Anthony Grafton, a some-time historian of science whom I idolize after hearing (and seeing) him speak but once, has a brief article on Slate about how great a certain class he co-teaches is. It’s almost inspiring enough to make me think that the humanities matter even when they don’t have much to do with the history of science. But what I really like about it is the reading selection philosophy Grafton describes: the most interesting and provocative books possible, period.
I’m as big a fan of the Enlightenment as anyone, in theory. Unity of truth, and all that. But it actually kinda sucks as an educational philosophy. Enlightenment ideology is no match for the utter disunity of knowledge in vivo (be it scientific, historical, philosophical, or what have you). Much more effective, I think, is a cherry-picking approach that aims at sparking the interest of students. You don’t learn enough in a classroom to really put knowledge to use, anyway. But if you find something worth learning more about, maybe one book or one idea is all it takes to push you in the right direction. Life is too short to read boring books (and grad school doubly so).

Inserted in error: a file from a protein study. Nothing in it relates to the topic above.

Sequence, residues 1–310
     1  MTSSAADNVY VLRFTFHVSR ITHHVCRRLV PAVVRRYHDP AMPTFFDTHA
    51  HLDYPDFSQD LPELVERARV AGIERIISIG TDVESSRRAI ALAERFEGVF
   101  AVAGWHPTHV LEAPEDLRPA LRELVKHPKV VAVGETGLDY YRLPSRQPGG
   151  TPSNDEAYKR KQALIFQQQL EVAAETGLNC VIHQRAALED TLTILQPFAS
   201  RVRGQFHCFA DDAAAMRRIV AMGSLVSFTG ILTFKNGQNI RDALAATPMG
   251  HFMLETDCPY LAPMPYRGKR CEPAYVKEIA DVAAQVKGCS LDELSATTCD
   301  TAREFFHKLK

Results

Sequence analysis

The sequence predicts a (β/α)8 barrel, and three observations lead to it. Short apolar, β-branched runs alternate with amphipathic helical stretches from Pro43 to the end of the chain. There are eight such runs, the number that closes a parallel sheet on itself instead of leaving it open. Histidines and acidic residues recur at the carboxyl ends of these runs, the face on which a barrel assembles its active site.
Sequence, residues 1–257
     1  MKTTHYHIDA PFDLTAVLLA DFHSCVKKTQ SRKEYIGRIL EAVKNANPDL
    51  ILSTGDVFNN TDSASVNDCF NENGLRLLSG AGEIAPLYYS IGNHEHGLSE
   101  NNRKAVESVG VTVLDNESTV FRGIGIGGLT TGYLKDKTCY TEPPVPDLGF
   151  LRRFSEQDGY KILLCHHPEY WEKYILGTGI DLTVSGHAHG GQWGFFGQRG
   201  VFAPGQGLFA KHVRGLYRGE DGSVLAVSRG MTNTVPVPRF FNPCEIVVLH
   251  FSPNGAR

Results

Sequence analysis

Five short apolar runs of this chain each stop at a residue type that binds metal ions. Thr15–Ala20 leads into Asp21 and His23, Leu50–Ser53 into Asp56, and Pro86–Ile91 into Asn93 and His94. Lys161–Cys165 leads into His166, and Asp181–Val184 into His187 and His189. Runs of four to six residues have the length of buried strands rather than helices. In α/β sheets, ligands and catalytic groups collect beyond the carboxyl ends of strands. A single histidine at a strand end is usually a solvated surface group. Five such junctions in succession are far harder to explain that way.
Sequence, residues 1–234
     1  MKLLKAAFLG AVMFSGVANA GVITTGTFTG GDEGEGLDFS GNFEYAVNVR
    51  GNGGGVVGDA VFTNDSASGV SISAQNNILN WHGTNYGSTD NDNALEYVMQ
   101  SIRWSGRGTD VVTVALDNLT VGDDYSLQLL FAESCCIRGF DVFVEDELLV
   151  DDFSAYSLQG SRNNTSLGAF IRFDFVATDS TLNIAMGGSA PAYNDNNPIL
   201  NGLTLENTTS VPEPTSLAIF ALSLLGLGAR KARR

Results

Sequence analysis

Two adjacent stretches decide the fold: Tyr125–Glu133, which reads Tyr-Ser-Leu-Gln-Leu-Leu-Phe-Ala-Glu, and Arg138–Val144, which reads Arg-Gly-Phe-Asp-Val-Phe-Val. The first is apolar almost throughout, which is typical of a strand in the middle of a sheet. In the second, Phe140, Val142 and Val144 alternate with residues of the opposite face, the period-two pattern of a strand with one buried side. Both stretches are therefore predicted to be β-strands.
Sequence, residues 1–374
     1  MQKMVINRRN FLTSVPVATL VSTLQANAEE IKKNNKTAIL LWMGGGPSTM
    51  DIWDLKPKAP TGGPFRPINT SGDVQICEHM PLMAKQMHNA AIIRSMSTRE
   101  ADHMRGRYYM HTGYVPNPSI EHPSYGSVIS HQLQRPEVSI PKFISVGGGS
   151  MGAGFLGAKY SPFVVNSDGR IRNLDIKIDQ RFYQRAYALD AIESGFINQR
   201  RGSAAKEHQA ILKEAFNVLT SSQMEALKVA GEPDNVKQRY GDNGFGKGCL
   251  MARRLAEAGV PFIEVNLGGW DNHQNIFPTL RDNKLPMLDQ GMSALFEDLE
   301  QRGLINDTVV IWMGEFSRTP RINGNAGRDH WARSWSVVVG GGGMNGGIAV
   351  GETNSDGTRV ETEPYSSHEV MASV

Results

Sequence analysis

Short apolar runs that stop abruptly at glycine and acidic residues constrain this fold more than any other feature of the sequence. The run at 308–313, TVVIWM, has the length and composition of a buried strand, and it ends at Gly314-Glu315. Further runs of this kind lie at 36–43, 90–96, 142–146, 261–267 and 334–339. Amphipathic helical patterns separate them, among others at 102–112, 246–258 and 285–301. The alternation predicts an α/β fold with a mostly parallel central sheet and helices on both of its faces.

Fortunately, I’m in the most interesting of all possible fields, where even the lesser work is worth reading. But it always baffles me how so many others in other humanities find their esoterica worth pursuing.
Incidently, when I Googled to make sure “esoterica” was a word, I found a scholarly journal by that name, which seems to be about what JQSMP would be if the humor were removed.
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